Although we’d enjoyed a good meal the previous evening, we woke up feeling there was a lot more to Charleston than we had seen, and that we should join a tour of the city. We packed up our gear and checked out, and joined one of the many mini-bus tours that take you around the city.
At the recommendation of our hotel, we scored a great tour guide with a fantastic knowledge of the city. The tour took us right through the city and past its wonderful mansion houses, as well as the Citadel, a military college on the edge of the city. One part of the tour was past the now disused jail, where she described the public executions by hanging, quaintly called the “dangle and strangle”.
One of her stories surrounded the execution of a husband and wife team, who were found guilty of serially killing a number of the guests at the inn they ran. The wife, a lady called Lavinia Fisher, had three requests of the judge as he handed down their death sentence, that they hang her husband first, that she be allowed to wear her wedding dress, and that she be allowed to address the crowd.
The judge agreed and they duly hung her husband first. Legend has it that Lavinia then addressed the crowd and suggested that she would be willing to marry any man present, right there and then. The method to her madness was that under the existing law, should any man marry the widowed woman, her death sentence would be lifted and her life would be saved.
Lavinia obviously overestimated the attractiveness of marrying a mass murderer, because surprisingly no man came forward. Perhaps she was just not particularly attractive. Her last words were reportedly “If any of you have a message for the Devil, let me know, because I’ll be seeing him soon”. Good to hear she kept her sense of humour to the end.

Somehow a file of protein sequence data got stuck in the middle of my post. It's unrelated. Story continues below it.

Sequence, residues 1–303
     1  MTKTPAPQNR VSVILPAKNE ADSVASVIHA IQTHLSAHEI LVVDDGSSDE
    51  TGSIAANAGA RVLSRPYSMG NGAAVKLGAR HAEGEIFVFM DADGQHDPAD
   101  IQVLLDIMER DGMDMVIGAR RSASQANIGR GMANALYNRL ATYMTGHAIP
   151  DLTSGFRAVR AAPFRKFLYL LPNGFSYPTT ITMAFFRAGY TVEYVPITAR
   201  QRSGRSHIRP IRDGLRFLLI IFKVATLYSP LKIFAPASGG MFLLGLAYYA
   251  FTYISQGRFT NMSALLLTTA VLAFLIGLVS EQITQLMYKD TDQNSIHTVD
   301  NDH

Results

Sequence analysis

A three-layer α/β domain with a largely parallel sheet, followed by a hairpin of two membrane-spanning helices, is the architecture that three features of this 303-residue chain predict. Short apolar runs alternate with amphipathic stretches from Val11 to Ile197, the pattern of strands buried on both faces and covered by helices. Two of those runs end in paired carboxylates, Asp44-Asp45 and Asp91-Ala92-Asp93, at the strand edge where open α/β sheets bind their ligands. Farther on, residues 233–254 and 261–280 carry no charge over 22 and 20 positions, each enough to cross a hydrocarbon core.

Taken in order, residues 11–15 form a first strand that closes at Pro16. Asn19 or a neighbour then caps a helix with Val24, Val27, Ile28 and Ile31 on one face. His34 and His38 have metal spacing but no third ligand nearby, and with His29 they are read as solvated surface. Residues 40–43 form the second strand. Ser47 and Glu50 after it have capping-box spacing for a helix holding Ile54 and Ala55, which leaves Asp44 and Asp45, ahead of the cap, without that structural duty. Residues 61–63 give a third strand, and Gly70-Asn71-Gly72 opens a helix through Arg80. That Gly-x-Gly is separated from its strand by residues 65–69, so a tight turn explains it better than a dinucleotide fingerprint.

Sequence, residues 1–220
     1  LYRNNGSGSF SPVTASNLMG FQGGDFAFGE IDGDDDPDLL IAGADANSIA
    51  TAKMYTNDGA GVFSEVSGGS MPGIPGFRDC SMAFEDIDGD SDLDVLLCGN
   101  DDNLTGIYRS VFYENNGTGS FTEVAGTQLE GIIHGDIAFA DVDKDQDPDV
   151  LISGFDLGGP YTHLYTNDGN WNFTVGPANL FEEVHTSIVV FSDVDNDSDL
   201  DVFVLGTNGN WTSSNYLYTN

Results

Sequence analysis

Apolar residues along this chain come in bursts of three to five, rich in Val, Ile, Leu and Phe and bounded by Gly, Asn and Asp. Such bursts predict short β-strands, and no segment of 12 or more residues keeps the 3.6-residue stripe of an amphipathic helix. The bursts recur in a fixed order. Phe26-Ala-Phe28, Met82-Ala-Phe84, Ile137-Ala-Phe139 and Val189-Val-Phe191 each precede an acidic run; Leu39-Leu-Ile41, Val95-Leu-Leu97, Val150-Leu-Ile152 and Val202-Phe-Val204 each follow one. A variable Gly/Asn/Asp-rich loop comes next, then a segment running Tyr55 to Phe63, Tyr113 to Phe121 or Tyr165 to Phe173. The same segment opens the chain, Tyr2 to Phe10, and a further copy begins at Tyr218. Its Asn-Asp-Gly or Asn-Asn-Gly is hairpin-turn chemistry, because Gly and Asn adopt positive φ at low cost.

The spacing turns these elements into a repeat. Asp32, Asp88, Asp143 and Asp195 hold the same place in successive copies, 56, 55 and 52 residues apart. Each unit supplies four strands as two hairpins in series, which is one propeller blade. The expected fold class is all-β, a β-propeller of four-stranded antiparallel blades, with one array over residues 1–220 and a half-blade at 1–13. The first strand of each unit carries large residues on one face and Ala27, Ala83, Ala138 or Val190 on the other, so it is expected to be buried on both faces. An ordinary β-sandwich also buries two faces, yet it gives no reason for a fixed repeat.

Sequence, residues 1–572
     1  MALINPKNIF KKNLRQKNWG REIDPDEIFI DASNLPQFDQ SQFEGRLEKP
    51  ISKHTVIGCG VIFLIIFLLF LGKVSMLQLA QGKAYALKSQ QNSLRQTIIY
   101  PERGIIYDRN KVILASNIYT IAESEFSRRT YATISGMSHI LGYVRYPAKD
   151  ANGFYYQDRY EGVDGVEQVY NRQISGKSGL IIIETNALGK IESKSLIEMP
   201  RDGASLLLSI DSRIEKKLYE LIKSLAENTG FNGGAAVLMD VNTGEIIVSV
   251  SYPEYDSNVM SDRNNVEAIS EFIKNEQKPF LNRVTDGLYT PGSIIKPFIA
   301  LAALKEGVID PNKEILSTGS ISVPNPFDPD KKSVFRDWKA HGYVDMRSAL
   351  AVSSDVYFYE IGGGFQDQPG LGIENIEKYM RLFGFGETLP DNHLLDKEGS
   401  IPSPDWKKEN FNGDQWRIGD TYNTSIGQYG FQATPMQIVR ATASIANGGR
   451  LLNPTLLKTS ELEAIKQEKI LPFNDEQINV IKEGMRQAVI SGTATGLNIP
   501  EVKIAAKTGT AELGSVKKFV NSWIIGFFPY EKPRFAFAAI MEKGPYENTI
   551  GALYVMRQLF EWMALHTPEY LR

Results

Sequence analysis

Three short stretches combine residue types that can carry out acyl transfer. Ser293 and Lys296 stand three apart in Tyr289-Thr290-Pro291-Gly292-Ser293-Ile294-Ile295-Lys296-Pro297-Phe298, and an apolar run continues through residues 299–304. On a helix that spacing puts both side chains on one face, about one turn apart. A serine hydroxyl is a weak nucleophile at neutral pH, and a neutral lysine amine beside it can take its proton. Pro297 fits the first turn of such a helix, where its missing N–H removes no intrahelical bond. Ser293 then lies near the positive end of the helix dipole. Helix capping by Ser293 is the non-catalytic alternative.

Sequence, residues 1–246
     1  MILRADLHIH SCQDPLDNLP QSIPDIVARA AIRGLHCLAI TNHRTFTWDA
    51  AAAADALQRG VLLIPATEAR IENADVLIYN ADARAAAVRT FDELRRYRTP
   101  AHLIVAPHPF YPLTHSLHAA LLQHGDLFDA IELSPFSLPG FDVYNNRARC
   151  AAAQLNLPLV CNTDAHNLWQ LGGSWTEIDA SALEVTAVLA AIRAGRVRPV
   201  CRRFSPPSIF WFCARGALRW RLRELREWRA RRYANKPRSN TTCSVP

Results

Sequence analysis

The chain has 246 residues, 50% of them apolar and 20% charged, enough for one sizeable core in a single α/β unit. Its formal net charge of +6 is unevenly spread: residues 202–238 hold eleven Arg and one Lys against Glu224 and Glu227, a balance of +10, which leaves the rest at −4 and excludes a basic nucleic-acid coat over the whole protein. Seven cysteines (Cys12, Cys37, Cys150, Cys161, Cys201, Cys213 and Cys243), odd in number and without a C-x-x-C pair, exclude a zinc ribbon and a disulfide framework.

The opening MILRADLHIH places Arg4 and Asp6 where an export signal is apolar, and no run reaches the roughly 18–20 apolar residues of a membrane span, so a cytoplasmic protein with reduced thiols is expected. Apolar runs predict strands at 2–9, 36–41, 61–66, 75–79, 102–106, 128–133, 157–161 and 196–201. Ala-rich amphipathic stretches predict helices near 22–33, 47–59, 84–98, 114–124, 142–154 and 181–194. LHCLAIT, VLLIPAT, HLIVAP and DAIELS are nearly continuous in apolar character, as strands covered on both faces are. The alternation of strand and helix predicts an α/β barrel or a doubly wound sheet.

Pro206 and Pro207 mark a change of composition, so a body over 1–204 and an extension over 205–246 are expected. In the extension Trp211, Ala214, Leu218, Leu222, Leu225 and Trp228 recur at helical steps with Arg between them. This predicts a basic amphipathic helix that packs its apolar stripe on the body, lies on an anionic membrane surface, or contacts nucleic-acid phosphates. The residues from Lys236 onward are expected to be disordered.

At the end of the bus tour, we were dropped at the Joseph Manigault House, one of a half dozen of the mansion houses that are open to the public for tours. The mansion houses were typically the city house of the plantation owners, and this one is attached to Charleston Museum..
The tours are conducted by volunteers, who seemed to be a couple of “South Carolina ladies”. Our guide was about five foot nothing tall, and whilst obviously of good breeding, had the most delightfully broad South Carolina accent. It is difficult to put on paper how she spoke, but phonetically, she said “South Carolina” something like “Sarf Cara-lie-na”, with extended emphasis on the “lie” syllable.
It took a while to tune into what she was saying, and for a while I thought she might have had a speech impediment, but once I got the hang of her inflections, the way she spoke was quite melodic.
It is easy to become enchanted by Charleston. Throughout the tour, I could tell Jane would dearly like to spend more time in the city. As we finished the tour, I suggested we stay another night. I didn’t have to ask twice.
During the tour, we were taken through the Battery Park area of town, home to the biggest and grandest mansion houses. One, that was originally built with the funds provided to a daughter by her father as a wedding gift, is now a hotel called the Two Meeting Street Inn. Sensing that it would provide a unique experience, we went back and were able to secure a room for the night.
The hotel was something out of another era, renovated to its former glory and full of antiques. Turning on the southern hospitality, our check in took about half an hour, complete with being served iced tea and coffee in the parlour.
We managed to drag ourselves aware from the hotel to walk around the streets of Charleston for a few hours, but made it back in time to join the owner of the Inn, a sixty-something Mrs Spell, for afternoon tea. Another southern lady, Mrs Spell kept us entertained with stories of the history of the Inn and of Charleston.
With a twinkle in her eye, she referred to the “War of Northern Aggression” (otherwise known as the Civil War) and regaled us with some of the folklore surrounding the events of that era. A delightful afternoon and one that you would never get in a Holiday Inn or a Marriott.
Mrs Spell recommended “Magnolias” as a restaurant for dinner. Keeping with eating unexpected regional fare in a quality restaurant, I had Southern Fried Chicken, complete with mash and beans, while Jane had a slightly more sophisticated tuna dish. What mine lacked in sophistication, it made up for in flavour, and definitely beat anything the Colonel could offer hands down.
In case it isn’t obvious, Jane and I very much enjoyed our Charleston experience.